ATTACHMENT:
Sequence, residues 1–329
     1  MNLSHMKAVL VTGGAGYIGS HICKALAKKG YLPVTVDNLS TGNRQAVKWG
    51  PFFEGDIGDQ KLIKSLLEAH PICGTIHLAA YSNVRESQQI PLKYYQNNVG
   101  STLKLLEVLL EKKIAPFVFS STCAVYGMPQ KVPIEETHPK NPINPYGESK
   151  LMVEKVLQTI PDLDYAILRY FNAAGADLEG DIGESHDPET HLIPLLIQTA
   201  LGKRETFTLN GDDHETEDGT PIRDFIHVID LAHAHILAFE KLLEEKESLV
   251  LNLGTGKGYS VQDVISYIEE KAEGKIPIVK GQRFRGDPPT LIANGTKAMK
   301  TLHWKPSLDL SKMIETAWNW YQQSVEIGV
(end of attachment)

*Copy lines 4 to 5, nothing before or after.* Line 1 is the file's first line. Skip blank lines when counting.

   101  STLKLLEVLL EKKIAPFVFS STCAVYGMPQ KVPIEETHPK NPINPYGESK
   151  LMVEKVLQTI PDLDYAILRY FNAAGADLEG DIGESHDPET HLIPLLIQTA